WellBe tracks a wearer's heart rate, monitoring resting heart rates and heart rate variability. The collected data connects to your smartphone's calendar via Bluetooth inputs data based on a stress-calculating algorithm.
After quickly reaching $100,000 on Indiegogo, it looks like interested consumers can expect WellBe bracelets to begin shipping before the end of the year.
Google's Advanced Technology and Projects (ATAP) group will work with Levi's on a new smart fabric that can track touch gestures. As part of the Project Jacquard program, both companies think this is a "dazzling opportunity" to help push the wearables market to a new level.
Ideally, a wearer would be able to swipe their finger over a jacket sleeve or somewhere on their pants to silence a phone, skip song tracks, and other innovative features. Levi's is the first partner for Google, and neither company announced any specific timeline for product releases.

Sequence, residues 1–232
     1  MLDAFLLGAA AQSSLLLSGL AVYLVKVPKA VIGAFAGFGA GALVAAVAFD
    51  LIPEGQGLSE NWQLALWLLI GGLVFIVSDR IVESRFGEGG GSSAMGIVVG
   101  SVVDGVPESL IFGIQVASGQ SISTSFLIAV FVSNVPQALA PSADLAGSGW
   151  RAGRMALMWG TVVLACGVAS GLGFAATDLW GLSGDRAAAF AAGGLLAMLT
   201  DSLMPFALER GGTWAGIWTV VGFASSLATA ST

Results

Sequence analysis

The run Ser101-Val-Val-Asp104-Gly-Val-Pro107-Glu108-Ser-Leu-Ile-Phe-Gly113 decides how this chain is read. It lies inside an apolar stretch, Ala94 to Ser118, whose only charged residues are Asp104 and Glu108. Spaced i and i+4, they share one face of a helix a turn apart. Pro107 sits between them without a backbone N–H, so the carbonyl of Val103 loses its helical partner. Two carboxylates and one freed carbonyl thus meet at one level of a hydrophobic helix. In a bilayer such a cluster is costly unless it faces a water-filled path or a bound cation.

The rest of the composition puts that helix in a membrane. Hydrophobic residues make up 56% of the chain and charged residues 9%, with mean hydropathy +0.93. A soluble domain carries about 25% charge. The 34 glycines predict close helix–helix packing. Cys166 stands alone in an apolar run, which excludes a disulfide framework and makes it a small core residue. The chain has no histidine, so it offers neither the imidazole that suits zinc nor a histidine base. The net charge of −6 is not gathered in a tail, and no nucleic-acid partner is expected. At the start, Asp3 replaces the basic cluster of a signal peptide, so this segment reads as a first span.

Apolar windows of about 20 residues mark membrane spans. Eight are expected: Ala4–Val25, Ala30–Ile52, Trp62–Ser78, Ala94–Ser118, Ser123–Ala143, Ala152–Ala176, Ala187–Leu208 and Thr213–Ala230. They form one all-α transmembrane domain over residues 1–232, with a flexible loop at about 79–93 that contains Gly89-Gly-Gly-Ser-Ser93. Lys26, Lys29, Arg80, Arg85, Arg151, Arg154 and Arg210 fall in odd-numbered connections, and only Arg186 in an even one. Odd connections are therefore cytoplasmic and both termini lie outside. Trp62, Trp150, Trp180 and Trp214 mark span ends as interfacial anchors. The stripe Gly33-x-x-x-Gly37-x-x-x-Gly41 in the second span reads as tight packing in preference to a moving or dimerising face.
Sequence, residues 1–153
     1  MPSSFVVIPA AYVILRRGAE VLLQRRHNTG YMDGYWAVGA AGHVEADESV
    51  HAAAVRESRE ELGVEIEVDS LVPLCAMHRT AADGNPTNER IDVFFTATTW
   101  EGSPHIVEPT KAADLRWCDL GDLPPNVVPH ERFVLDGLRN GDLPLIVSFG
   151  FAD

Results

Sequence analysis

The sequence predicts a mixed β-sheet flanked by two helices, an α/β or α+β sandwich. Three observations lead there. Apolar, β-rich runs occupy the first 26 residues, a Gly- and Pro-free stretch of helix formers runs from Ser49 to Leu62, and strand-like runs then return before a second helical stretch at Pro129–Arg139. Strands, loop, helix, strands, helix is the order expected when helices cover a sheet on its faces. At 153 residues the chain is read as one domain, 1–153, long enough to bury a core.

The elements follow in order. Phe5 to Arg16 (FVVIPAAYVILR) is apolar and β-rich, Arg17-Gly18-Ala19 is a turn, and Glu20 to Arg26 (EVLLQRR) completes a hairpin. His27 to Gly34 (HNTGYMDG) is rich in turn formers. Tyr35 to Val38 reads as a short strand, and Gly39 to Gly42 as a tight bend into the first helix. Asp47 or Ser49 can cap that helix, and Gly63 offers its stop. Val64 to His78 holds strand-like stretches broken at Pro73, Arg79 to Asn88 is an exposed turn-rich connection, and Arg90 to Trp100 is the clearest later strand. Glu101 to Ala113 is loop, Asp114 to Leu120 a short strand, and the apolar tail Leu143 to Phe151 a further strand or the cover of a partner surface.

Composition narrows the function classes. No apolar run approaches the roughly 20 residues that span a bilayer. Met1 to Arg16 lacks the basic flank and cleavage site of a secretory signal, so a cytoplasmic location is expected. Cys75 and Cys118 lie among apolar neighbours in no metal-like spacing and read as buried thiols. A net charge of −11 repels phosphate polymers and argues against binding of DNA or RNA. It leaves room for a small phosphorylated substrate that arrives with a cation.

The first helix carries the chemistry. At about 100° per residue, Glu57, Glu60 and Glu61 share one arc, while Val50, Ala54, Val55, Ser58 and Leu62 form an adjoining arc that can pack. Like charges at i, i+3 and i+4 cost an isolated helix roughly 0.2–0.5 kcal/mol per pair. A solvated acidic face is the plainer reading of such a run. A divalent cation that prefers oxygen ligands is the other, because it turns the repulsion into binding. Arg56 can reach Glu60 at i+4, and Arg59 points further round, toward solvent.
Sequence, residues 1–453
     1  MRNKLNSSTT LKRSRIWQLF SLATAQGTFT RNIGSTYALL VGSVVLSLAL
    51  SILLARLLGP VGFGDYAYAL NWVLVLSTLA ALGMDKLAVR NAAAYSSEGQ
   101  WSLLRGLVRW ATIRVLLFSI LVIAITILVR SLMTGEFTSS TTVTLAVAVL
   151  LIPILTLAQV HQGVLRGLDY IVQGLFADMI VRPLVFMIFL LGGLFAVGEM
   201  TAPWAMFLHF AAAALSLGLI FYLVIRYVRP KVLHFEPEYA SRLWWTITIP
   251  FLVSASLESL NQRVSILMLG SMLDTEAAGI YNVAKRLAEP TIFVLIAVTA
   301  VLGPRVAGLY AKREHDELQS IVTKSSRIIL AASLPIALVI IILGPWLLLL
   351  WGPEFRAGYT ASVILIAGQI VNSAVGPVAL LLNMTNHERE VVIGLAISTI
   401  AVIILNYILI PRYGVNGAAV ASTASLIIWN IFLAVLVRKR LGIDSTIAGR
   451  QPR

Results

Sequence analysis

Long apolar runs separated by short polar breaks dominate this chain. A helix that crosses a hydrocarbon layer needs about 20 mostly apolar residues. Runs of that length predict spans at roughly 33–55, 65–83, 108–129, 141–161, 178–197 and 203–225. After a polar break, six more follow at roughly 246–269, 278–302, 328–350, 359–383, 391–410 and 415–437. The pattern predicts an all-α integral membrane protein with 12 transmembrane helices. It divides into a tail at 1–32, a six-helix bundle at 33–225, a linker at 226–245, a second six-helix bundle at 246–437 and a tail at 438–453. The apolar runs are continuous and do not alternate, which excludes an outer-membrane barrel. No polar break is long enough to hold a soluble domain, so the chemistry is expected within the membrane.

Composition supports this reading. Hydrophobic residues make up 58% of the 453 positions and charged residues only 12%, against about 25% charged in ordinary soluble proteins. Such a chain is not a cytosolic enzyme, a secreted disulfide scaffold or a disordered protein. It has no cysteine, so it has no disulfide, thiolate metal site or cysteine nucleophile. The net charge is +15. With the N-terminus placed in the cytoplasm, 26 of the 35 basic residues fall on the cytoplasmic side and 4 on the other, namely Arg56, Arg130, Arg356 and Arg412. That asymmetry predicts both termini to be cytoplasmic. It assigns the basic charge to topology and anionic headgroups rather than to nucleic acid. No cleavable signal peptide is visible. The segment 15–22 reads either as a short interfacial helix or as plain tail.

"We cannot expect global fashion industry to change just for us even though we're Google," said Ivan Poupyrev, Director of the Technical Program Lead at Google, in a statement published by CNN Money. "We have to adapt to the textile industry."
A Montreal man claims he was pulled over for using his Apple Watch smartwatch while driving, receiving a $100 fine and four demerit points.
Jeffrey Macesin recounted his story while speaking with the CTV Montreal Canadian TV news station, after being cited by a Quebec Highway Safety Code that prohibits using a "handheld device that includes a telephone function."
Here is what Macesin said in a recent interview: "Going towards Vaudreuil, there was a cop car behind me and he didn't have his lights on yet, but then he turned them on and I thought maybe he just wanted me to get out of the way. I was just confused."